But let’s leave her aside for a moment and think about the middle class, to which she could have belonged had she made better decisions. Their plight (the plight of the middle class) isn’t much better and it’s getting worse in relative terms. Consider the figure (below), for example.

The middle class owned just 26.6% of America’s national wealth as of June, the latest Fed data showed. That’s the lowest ever and, as you can plainly see, it’s declined steadily since the beginning of the series.

Meanwhile, the top 1%’s share is now 27%. This is the first time the richest Americans’ total wealth has eclipsed that of the middle class.

That the convergence happened four quarters after the pandemic is no coincidence. Again, the value of real estate and corporate equities has exploded over the same period (figure below), and the richest people own the most assets.

Simply put, if you own assets (any assets, really), you’ve enjoyed a windfall.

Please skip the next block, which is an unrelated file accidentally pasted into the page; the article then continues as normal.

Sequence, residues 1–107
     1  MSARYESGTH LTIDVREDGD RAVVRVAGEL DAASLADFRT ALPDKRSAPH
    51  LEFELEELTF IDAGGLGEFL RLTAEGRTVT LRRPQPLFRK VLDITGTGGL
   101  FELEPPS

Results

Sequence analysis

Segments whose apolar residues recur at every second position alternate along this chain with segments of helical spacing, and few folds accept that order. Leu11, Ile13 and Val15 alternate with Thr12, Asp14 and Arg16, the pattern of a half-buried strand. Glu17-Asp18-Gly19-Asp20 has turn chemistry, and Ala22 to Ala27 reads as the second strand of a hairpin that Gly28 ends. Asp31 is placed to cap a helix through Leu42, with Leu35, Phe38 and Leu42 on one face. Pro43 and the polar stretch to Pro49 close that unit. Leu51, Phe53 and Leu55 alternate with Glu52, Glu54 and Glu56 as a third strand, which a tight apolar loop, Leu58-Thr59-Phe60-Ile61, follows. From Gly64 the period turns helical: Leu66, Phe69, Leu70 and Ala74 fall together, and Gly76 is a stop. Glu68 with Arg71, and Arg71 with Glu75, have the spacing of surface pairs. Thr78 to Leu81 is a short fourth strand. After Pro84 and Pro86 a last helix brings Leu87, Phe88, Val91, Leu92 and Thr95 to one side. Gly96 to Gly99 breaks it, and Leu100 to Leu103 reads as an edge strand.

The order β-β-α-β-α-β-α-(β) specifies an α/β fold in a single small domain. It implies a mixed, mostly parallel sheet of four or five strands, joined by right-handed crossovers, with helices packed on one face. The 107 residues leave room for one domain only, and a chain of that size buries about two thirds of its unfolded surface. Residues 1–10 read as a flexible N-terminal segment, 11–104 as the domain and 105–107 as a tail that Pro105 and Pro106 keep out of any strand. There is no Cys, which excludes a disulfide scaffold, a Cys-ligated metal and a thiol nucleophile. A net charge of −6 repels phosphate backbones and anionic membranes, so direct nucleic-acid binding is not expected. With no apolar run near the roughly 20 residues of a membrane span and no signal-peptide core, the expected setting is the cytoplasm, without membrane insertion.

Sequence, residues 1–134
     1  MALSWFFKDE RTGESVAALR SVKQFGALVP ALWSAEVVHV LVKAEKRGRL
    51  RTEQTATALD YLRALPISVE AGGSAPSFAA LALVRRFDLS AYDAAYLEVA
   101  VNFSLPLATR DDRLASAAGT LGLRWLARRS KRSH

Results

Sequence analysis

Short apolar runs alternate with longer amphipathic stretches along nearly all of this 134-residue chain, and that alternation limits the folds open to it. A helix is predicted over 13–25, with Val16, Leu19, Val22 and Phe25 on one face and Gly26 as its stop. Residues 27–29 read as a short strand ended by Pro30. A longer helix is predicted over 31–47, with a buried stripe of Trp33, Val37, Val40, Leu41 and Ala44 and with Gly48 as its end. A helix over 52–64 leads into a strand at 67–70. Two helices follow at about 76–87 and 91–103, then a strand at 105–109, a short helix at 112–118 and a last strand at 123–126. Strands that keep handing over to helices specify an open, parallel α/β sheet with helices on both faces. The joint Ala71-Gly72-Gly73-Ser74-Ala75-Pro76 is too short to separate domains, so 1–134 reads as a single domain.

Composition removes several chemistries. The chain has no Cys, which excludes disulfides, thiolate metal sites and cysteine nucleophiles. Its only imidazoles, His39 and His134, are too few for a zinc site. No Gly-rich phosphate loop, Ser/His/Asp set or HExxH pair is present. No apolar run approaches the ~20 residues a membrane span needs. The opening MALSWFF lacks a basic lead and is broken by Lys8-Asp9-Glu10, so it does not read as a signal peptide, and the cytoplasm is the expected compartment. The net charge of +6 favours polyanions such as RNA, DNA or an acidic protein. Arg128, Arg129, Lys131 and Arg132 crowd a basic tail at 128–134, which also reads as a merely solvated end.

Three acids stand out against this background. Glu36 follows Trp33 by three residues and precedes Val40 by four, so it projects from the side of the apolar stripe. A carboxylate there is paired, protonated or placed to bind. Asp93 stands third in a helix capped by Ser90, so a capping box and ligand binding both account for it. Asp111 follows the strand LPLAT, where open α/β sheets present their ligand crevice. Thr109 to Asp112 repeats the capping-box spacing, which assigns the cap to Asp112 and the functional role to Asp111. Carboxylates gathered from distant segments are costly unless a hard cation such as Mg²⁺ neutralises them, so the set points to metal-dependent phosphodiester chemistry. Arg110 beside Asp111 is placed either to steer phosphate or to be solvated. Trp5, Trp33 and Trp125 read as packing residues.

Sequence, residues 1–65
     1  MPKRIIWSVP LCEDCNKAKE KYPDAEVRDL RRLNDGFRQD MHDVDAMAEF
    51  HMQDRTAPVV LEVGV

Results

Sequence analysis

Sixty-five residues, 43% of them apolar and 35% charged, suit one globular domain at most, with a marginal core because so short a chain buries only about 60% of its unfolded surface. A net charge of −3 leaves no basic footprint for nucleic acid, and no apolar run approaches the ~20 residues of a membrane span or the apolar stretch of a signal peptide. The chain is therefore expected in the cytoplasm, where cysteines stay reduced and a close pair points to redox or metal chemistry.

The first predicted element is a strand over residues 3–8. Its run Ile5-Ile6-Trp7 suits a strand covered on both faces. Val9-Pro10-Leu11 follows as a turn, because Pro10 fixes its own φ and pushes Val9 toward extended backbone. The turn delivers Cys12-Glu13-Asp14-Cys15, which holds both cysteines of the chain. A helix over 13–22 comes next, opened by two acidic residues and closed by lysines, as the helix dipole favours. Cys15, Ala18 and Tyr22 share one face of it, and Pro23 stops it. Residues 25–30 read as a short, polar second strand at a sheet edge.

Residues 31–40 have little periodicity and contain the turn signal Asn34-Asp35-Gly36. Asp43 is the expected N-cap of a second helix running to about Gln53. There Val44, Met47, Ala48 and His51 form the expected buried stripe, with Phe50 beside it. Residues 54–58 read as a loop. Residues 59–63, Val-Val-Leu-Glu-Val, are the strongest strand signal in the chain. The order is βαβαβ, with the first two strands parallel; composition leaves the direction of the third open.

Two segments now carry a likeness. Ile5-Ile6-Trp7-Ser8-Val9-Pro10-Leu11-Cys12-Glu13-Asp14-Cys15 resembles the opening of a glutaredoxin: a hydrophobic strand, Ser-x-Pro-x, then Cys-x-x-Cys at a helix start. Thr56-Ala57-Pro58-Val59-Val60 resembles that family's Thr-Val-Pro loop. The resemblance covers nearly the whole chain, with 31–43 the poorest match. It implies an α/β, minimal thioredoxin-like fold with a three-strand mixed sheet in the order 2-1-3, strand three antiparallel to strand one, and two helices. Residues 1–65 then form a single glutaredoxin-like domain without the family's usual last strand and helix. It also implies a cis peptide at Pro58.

The juxtaposition sketched above (between, on one side, my old friend, and, on the other, my affluent neighbors and the people from whom they rent) is a microcosm of dynamics that perpetuate the economic divide in America. Taken together, the two vignettes speak to virtually all aspects of a conjuncture that perpetuates a stratified social order which I’d argue is now totally untenable.

My neighbors once owned a home (or so I gathered) but thanks to fortuitous economic circumstances, apparently had the option of selling it (at a profit, one imagines) and moving semi-permanently to a resort island in what sounds like one long, ongoing vacation. When one rental stopped working out, they simply waved around some money and moved up the street. Try not to laugh. The owners of the properties they rent are self-evidently wealthy. All parties involved own assets. And those assets have appreciated at an exponential rate over the past four quarters. My old friend, on the other hand, is asset-poor. Besides that Charlie Brown Christmas tree, anyway.

If the economy slows and hiring momentum in the services sector doesn’t reaccelerate, the country is likely in for at least a year of mild stagflation. Price increases may ultimately prove “transitory,” but it’s obvious that regular people are paying more for the things they need and that they’ll be compelled to do so for another several months at the (very) least.